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FIG. 7. Schematic illustration of the sequential selection procedure to identify 4F cell lines representing a trapped promoter that is induced or differentially induced by glucocorticoids and progestins. Retrovirus-transduced cells were placed first under G418 (1 mg/ml) selection for 5 days. Those cells in which the Cre gene is integrated downstream of a constitutively active cellular promoter will be eliminated due to the expression of Cre and thus the deletion of the tkneo gene. The survivors were split into two groups in media without G418. One group was treated with R5020 (10 nM) and the other with Dex (100 nM) for 24 hours. The cells then were subjected to hygromycin (500 µg/ml) selection, to select for cells in which Cre expression has been induced by hormone. Thus, this selection will enrich for cells in which the Cre gene was integrated downstream of a progestin-inducible promoter (group A) or a glucocorticoid-inducible promoter (group B). To maximize the identification of genes preferentially induced by one of the two hormones, an additional step was added to the selection scheme. After the initial G418 selection to eliminate constitutively expressed promoters, another selection was added to eliminate promoters induced by progestins (group C) or glucocorticoids (group D). This was done by adding the appropriate hormone for 24 hours and continuing G418 selection for 5 days. Survivors in the progestin-treated group C were removed from G418 and treated with Dex for 24 hours. Similarly, the glucocorticoid-treated group D was removed from G418 and treated with R5020 for 24 hours. The two groups were then placed under hygromycin selection to enrich for cells expressing Cre under the control of the appropriate hormone. GC, glucocorticoids; PG, progestins; Dex, dexamethasone, a synthetic glucocorticoid; R5020; a synthetic progestin. [Reproduced by permission of the Society of Endocrinology from Wan Y, Nordeen SK 2002 Identification of genes differentially regulated by glucocorticoids and progestins using a Cre/loxP mediated retroviral promoter-trapping strategy. J Mol Endocrinol 28:177192.]|
To determine the expression pattern of the gene represented in each clonal cell line isolated, we developed a reporter assay to quantitate the Cre protein level, based on Cre recombinase activity (Figure 8). A reporter plasmid (ppgklxtkneo/luc) (Figure 8A) was constructed in which the hygro gene of the multifunctional selection plasmid was replaced by luciferase (luc). Luciferase expression from this plasmid was dependent on Cre expression. A titration of Cre expression vector demonstrated that the higher the input of Cre, the higher the output of luciferase expression (Figure 8B). Therefore, this sensitive and quantitative luciferase reporter strategy can determine the exact regulation pattern of the trapped promoters in each isolated cell clone and allow the identification of the lines that represent genes that are differentially regulated by the two hormones.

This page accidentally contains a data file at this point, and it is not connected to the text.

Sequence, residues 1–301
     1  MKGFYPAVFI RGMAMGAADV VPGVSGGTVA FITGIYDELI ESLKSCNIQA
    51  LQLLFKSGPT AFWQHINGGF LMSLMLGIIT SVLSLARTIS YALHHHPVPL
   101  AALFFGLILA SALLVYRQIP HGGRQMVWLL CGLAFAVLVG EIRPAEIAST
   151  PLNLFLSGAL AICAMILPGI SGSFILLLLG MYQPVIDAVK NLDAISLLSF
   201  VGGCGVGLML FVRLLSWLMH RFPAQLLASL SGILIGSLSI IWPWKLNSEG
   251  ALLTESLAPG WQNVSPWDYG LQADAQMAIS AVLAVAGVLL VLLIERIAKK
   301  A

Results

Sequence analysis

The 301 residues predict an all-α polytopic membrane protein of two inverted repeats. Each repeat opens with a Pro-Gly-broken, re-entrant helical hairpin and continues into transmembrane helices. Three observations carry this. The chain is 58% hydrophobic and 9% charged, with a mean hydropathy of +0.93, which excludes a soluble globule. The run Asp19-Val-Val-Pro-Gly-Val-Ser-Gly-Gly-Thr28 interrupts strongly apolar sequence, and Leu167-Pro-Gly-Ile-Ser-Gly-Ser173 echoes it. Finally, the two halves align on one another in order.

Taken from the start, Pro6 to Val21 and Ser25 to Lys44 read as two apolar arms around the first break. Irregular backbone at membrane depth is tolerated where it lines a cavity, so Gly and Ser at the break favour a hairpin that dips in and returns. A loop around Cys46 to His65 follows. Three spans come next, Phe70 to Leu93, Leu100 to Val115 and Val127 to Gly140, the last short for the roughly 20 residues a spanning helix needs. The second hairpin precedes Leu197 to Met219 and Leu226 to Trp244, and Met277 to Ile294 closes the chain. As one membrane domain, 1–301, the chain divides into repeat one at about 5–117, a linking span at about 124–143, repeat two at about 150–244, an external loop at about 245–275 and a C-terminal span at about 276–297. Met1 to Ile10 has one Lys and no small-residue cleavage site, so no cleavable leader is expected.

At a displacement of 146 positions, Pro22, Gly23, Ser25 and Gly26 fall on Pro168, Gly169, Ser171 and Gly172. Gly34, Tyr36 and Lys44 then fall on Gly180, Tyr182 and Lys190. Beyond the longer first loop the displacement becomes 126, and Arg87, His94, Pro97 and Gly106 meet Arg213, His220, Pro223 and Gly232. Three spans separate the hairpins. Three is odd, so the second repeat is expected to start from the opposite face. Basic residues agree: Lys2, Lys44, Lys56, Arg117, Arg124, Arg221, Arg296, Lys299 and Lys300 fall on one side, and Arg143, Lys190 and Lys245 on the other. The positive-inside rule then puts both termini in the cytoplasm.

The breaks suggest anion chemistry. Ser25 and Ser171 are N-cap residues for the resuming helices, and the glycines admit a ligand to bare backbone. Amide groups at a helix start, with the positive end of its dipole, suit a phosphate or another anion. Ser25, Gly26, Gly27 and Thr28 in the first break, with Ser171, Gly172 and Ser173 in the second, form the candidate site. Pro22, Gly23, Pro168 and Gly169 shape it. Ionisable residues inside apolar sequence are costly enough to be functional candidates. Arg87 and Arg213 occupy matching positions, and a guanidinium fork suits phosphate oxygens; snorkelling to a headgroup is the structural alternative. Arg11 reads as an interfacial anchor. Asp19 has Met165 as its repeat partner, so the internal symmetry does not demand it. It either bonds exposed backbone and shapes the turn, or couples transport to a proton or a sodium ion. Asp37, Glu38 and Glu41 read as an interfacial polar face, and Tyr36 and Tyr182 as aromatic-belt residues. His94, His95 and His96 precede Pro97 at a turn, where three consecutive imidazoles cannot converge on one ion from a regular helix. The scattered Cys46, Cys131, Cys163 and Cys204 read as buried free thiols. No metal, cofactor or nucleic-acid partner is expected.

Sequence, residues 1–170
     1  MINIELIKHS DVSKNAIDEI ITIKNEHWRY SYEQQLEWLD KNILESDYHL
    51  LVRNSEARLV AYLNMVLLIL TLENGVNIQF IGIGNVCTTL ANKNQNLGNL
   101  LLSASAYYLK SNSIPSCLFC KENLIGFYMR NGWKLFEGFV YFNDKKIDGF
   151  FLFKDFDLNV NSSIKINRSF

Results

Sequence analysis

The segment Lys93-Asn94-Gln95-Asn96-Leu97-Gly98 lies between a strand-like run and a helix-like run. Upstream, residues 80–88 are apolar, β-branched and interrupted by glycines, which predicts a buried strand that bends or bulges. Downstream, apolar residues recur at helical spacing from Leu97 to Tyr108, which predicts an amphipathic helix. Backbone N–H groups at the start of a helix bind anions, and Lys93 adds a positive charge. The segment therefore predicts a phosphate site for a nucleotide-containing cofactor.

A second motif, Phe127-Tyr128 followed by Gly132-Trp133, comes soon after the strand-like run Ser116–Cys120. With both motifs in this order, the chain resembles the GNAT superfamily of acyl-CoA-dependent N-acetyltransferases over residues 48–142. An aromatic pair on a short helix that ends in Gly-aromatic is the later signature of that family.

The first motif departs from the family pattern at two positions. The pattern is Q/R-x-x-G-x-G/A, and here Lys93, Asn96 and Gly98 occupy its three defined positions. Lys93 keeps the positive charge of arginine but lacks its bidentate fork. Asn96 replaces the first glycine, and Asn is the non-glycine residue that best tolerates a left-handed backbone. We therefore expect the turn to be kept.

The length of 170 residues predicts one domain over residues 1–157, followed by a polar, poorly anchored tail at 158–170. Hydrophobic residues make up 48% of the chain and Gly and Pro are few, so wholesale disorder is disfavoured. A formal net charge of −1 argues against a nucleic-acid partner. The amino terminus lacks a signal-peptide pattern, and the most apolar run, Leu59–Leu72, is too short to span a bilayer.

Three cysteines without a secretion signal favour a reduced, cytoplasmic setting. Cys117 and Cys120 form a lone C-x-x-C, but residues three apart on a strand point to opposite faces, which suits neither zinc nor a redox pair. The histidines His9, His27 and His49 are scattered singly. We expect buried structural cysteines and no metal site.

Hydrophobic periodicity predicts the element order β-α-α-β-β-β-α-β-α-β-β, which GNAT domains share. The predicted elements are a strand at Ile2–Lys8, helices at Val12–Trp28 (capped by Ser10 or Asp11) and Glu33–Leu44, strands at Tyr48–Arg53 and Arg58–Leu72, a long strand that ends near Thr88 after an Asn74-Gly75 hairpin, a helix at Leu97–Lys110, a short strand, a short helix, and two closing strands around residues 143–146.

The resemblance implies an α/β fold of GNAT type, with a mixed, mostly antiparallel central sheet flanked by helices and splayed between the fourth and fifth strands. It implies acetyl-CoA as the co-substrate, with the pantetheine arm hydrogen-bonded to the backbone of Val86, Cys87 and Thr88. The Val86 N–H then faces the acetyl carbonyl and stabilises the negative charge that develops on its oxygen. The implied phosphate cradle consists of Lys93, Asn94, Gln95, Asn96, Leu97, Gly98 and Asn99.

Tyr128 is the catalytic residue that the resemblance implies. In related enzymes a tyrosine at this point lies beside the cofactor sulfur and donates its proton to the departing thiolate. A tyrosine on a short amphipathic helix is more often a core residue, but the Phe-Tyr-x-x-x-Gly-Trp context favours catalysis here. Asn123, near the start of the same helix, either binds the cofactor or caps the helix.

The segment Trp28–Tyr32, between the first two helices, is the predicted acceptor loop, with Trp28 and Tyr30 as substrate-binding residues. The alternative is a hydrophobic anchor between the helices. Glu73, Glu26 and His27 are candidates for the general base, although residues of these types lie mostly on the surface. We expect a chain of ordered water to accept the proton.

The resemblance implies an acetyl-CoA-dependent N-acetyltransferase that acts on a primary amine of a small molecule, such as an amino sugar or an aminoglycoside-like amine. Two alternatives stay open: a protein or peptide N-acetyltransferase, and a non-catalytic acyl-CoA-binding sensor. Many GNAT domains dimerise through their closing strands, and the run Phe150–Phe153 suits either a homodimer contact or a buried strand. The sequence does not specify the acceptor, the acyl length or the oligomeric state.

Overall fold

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FIG. 8. Quantitation of Cre protein expression in clonal cell lines by transfection of ppgklxtkneo/luc. (A) Schematic of ppgklxtkneo/luc reporter construct before and after Cre-mediated recombination at loxP sites. Gene sequences are labeled as in Figure 5. (B) A dose curve demonstrating that relative levels of Cre activity can be analyzed by recombination of ppgklxtkneo/luc and concomitant production of luciferase activity. Increasing amounts of the expression plasmid pCMVCre were transiently transfected into the 4Fneo/hygro21 cell line. A constant amount of the reporter tkneo/luc (1 µg/ml) and an internal control plasmid pCMVß-gal (0.1 µg/ml) were cotransfected. Cells were harvested 72 hours later. The result was shown as luciferase activity normalized to ß-galactosidase (gal) activity. (C) Identification of clonal cell lines that represent promoters differentially regulated by glucocorticoids and progestins by quantitating Cre protein expression. The reporter plasmid ppgklxtkneo/luc (1 µg/ml) was transiently transfected into each clonal cell line with an internal control plasmid pCMVß-gal (0.1 µg/ml). After 2024 hours, cells were treated with vehicle, Dex (100 nM), or R5020 (10 nM). Cells were harvested 48 hours after treatment. The results were illustrated as the fold of induction of the luciferase activity, normalized to ß-galactosidase activity. Shown are 19 cell lines that represent promoters differentially regulated by the two hormones by more than 1.5-fold: Dex > R5020 indicates that the promoters are preferentially induced by Dex; Dex < R5020 indicates that the promoters are preferentially induced by R5020. In addition, four examples of the cell lines that represent promoters induced by both hormones by more than 2-fold are shown (Dex = R5020). [Reproduced by permission of the Society of Endocrinology from Wan Y, Nordeen SK 2002 Identification of genes differentially regulated by glucocorticoids and progestins using a Cre/loxP mediated retroviral promoter-trapping strategy. J Mol Endocrinol 28:177192.]|